Many years ago when we first moved to Australia from Singapore, I was on a Japanese food bender. I trawled every weekend market for the perfect Okonomiyaki and sat at many sushi trains sampling as many Agedashi Tofus, Sashimis, Inari and Nigiris as I could. But I never tried Nasu Dengaku, until one fine day when Hayden Quinn came over to my (then tiny) kitchen for a cooking and filming session. I cannot remember what I cooked, but the memory of Hayden’s Miso Glazed Eggplant that he cooked that day is still fresh in my mind.
It was simply the most divine eggplant dish I had ever had and what affected me the most was how simple it was to cook it. I remember it took nearly an hour and half to cook in my extremely temperamental, primitive, 20 year old oven. I remember Hayden checking every few minutes, literally willing it to cook faster. Because it is actually a really quick recipe. So of course when my spunky new kitchen was installed a few years later and a shiny oven awaited, this Miso Glazed Eggplant was one of the first dishes I tested in it. And it only took thirty minutes to cook. Phew!
Miso Glazed Eggplant or Nasu Dengaku as it is traditionally known, is a Japanese eggplant dish made of grilled eggplant glazed with a thick miso sauce. There are many vegan and non-vegan versions out there sporting a myriad of eggplant varieties. But this recipe I share today which I have been cooking for nearly five years is not only the most delicious and flavour packed but also the most good looking.
If you google Miso Glazed Eggplant, you will find all kinds of pictures. Some really pretty, but most quite unappetising (although I am sure they would taste delicious). Because this is such a fantastic plant based recipe, vegan and gluten free friendly and possibly a great dinner party dish; I wanted it to look great as well. So after testing with many different sized eggplants and sauces, these were my takeaways –
A. Use medium sized black plump eggplants. Not the thin Lebanese eggplants or the tiny Thai eggplants but a medium sized black eggplant that you would use to roast for Baba Ghanoush. These eggplants are often called Black Globe or Black Beauty or as in my supermarket/farmer’s market – eggplant.
B. Salt makes eggplant cry. The salting process is very important in eggplant dishes where you want the end result to be firm and delicious, not wet and sloppy. After scoring the eggplant as shown in the pictures, always salt it. You can do this by rubbing a small pinch of salt over the cut side of the eggplants and leaving them for about 30 minutes. The water (which won’t be a lot) can be mopped up with paper towels.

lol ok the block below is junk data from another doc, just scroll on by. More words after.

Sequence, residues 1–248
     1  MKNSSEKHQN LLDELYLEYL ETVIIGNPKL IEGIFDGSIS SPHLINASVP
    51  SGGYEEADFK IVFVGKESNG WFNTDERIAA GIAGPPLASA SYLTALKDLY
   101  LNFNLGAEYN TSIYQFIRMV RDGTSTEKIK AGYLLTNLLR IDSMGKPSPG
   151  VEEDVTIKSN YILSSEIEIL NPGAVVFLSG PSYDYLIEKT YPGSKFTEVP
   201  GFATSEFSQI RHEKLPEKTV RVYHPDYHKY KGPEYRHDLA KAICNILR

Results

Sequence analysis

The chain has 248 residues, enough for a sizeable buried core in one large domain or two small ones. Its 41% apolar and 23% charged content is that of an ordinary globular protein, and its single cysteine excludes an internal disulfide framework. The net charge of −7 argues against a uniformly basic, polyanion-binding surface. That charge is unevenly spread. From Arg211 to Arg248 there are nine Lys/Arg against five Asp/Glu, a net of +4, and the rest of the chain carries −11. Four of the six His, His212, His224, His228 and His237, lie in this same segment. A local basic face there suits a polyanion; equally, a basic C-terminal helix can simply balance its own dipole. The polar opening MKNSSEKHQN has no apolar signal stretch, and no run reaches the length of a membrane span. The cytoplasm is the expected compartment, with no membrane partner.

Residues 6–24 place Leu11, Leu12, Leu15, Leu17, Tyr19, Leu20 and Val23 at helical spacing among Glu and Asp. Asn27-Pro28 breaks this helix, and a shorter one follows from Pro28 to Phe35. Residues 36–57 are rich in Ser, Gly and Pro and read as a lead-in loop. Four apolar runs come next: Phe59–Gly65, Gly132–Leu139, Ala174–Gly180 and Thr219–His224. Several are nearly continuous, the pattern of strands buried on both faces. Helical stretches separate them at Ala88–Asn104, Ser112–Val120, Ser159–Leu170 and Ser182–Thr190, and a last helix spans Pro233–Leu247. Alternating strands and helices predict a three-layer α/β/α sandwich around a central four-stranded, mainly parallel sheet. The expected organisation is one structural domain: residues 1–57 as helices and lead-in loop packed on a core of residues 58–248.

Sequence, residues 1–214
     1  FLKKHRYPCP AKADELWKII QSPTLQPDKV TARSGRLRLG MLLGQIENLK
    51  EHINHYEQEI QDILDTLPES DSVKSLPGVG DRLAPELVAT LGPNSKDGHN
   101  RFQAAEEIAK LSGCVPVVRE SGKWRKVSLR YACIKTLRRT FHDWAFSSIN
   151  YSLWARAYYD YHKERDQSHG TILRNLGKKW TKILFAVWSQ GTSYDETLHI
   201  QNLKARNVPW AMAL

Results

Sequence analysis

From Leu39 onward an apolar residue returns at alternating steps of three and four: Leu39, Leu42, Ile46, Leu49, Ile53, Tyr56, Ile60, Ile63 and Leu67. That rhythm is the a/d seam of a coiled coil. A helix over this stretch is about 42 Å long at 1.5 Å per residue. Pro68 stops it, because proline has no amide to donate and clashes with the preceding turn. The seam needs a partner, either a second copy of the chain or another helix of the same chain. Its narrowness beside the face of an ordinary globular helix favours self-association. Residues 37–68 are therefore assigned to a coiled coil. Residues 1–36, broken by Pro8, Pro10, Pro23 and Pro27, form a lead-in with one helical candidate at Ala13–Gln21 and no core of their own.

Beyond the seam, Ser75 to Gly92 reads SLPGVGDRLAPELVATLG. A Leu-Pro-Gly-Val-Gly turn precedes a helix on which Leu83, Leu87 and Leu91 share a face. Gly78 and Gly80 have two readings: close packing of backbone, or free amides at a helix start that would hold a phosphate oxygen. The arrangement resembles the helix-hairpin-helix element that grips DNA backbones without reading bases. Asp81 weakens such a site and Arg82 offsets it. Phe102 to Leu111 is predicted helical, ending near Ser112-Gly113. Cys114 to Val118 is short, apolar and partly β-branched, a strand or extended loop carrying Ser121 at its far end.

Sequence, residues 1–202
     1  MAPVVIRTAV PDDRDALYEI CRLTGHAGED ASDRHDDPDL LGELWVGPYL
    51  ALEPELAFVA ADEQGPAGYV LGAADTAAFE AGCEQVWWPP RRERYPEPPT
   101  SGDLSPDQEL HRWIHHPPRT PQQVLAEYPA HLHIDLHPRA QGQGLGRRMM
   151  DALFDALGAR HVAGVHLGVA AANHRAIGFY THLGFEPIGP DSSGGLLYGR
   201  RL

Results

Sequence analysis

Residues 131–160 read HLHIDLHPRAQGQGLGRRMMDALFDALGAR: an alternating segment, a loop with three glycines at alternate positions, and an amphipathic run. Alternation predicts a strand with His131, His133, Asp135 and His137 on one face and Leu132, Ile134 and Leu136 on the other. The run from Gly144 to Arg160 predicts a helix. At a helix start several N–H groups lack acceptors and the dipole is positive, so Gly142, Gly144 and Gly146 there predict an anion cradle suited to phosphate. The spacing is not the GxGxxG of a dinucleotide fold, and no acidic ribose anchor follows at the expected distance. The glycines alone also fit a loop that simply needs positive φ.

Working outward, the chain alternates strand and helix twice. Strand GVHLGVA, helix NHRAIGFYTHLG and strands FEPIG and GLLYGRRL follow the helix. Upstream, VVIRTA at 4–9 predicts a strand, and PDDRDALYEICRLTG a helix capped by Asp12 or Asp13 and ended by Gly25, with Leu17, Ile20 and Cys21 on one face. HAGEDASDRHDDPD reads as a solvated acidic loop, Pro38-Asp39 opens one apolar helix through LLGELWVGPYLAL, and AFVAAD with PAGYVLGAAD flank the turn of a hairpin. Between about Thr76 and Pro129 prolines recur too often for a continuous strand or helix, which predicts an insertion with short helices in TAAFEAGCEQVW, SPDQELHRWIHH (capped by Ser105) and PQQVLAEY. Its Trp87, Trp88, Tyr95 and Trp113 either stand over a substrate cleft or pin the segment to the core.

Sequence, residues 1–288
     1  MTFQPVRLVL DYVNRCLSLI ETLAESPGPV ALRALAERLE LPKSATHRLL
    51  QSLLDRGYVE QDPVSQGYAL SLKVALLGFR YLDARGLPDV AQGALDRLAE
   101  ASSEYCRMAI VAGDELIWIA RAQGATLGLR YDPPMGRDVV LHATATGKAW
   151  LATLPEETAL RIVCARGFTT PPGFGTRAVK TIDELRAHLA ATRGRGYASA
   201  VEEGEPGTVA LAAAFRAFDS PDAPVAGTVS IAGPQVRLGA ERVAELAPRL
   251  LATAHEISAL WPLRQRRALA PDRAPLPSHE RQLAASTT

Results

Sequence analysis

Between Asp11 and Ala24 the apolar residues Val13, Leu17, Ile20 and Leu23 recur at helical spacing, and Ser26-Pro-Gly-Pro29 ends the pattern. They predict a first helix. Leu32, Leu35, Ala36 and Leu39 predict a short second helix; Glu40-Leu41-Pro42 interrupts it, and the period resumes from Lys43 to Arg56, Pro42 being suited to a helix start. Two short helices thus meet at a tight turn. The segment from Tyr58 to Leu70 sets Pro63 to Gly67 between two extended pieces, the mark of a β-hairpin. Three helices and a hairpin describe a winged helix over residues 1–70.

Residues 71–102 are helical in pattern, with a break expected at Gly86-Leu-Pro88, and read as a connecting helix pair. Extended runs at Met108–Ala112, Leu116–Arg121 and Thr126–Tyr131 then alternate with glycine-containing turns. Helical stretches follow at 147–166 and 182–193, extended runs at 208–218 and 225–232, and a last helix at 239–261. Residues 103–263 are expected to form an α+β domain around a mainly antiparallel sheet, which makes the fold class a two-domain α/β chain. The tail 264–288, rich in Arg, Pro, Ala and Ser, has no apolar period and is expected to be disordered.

C. The temperature and cooking times are very important. So make sure you follow them. The cooked texture of eggplant has to be silky and succulent but still firm.
D. Always glaze the eggplant with the miso sauce again after baking and just before serving. This looks amazing on the browned caramelised eggplant and also adds an extra flavour kick. Serve the leftover sauce on the side for anyone wanting an even more boost on their eggplant.
E. The garnishes really make the eggplant pop. Especially micro herbs (the purple of shiso) and the white sesame seeds.
This dish is a great starter before dinner. Alternatively, with the addition of coconut-matcha rice, some quick pickled radishes and greens; it becomes a very satisfying lunch. If you make this recipe, I would love to see your feedback and rating in the comments below. Share your eggplant pictures with me on Instagram using #cookrepublic
adapted from Hayden Quinn’s Dish It Up
tested – 10+ times
- 4 medium sized black eggplants
- generous pinch of sea salt flakes
- 2 tablespoons mirin
- 2 tablespoons cooking sake
- 2 tablespoons raw sugar
- 1 tablespoon Shiaoxing wine
- 1 tablespoon sesame oil
- 1 teaspoon finely grated ginger
- 80g white miso paste
- white and black sesame seeds, finely sliced chives, micro herb – to garnish
- Pre-heat oven to 200C (convection)/180C (fan-forced).
- Wash the eggplants and pat dry. Cut the eggplants in half, length wise.
- Using a sharp knife, score a diamond pattern in the flesh of the eggplant as shown in the pictures.
- Place the eggplants cut side up in a shallow rimmed baking tray.
- Sprinkle with salt and gently rub the salt over the flesh.
- Rest for 30 minutes.
- Using a paper towel, pat the flesh of the eggplant and blot the water droplets that have formed on the surface. Brush off any salt flakes that remain.
- Place mirin, sake, Shiaoxing wine, sugar, sesame oil, ginger and miso paste in a small heavy bottomed saucepan on medium. Bring to a gentle boil, stirring constantly. Remove from heat.
- Using a pastry brush, generously brush the miso sauce over the cut side of the eggplants.
- Bake in the pre-heated oven for 30-35 minutes until starting to brown and tender.
- Remove from the oven. Brush more miso sauce to glaze the eggplants. Scatter chives and micro herbs. Sprinkle with sesame seeds and serve hot with coconut rice and radish pickles.